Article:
The same year that An American Werewolf in London opened up the possibilities of the werewolf horror with a mix of black comedy and horrific transformations, Joe Dante went a different direction with The Howling (Shout Factory). Working on lower budget, Dante discarded the usual lone wolf route to frame the drama in terms of the wolf pack. His wolves weren’t mad dogs on the rampage, but a primal force balancing survival with primal urges.
Dee Wallace, just a year before making E.T., stars as an investigative TV reporter recovering from a brush with a serial killer in a retreat called “The Colony,” a mix of new age commune, primal therapy, and red meat culture run by psychiatrist Patrick Macnee. It also happens to be the hub of a werewolf pack that quickly adds her husband (Christopher Stone) to their ranks, transforming the easy-going vegetarian into an aggressive, meat-eating hunter in the process.
It’s more clever than compelling, to be fair, an interesting take with inventive effects (thanks to Rob Bottin), impressive moments of horror, an undercurrent of dark humor, and an earthy, feral sensibility. John Sayles (who previously wrote Piranha for Dante) came with Dante from the Corman movie factory and contributes a clever script (adapted from a novel by Gary Brandner) with some character nice touches in the supporting roles and a modicum of wit in the dialogue.
Dante has a lot of fun with cameos and bits by his B-movie heroes and genre character actors, from Kevin McCarthy and Kenneth Tobey to John Carradine and Dick Miller to Roger Corman (who gets a genuinely Hitchcockian cameo) and Forrest J. Ackerman (with a copy of “Famous Monsters of Filmland” in his hand). You can bet that the character names, all borrowed from cult directors, are Dante’s contribution: Terry Fisher and Fred Francis (of Hammer Terence Fisher and Freddie Francis), George Waggner, R. William Neill, Erle Kenton, Sam Newfield, and Charlie Barton. Dick Miller, of course, is simply Walter Paisley (Corman buffs will get that one, the rest of you can look it up on IMDb).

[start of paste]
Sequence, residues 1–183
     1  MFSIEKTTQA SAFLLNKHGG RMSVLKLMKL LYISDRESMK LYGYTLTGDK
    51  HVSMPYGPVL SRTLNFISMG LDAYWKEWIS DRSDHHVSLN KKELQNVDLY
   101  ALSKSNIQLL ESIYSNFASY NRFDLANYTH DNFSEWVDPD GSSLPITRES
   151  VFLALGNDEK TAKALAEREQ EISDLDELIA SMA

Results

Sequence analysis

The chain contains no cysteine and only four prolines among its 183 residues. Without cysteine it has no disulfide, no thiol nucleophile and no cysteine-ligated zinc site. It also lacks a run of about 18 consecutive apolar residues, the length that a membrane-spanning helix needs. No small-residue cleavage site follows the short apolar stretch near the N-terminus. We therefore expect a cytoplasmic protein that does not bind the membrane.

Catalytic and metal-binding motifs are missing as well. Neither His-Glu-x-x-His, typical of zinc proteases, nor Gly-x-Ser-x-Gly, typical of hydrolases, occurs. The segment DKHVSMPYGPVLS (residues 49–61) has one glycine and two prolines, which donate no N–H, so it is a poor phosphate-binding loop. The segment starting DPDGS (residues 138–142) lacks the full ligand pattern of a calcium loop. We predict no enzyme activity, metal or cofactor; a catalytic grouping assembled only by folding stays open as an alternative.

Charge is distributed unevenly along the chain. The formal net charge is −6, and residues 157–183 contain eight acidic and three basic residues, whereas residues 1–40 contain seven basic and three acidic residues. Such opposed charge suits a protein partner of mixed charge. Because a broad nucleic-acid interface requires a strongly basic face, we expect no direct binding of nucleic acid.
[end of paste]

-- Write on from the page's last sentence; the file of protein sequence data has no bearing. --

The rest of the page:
It’s a real film buff feast but Dante also uses the opportunity to stretch himself. He shows off his chops in a riveting opening sequence, where Wallace goes undercover to nab a serial killer and goes into shock at the horror of the experience, and some well-turned wolf encounters, and he balances the genre-movie love with adult material. Not just violence and nudity (and yes, it delivers both in the best grindhouse tradition) but mature relationships, sophisticated threats, and a social satire that both spoofs and embraces the psychological trends of the era. The story isn’t as smart as Dante’s treatment (the motivations as foggy at best, and the pack mentality doesn’t mesh with the lone wolf madness of the serial killer in the flock) but the mix of dark humor, animal instincts, and a mature take on a genre piece makes it much more interesting than a lot of subsequent films with better actors, bigger budgets, and more lavish production values.
It gets the special edition treatment for Blu-ray and DVD, which features a decent transfer that fails to hold the intensity of the blacks in the nocturnal scenes (and there many of them) but otherwise has decent color and clarity (DVD Talk reviewer Tyler Foster notes that they used the Studio Canal transfer from the French Blu-ray release).
Carried over from the previous MGM DVD are some meaty supplements: commentary by director Joe Dante and stars Dee Wallace-Stone, Christopher Stone, and Robert Picardo, the excellent 50-minute documentary “Unleashing the Beast: Making The Howling” from 2002, the archival “Making a Monster Movie: Inside the Howling” from 1981, and outtakes, and an interview with stop-motion animator David Allen is rescued from the original laserdisc release. New to the disc are a new commentary with novel author Gary Brandner moderated by Michael Felsher, interviews with producer Steven A. Lane, editor Mark Goldblatt, and co-screenwriter Terence H. Winkless, a location tour, and a reel of deleted scenes.
And if you don’t like the new artwork on the disc cover, just turn the sleeve inside out; the original poster art is on the other side.
Take a look at the disc menu, with a montage of clips from the film, at my shorter version of the review at Videodrone.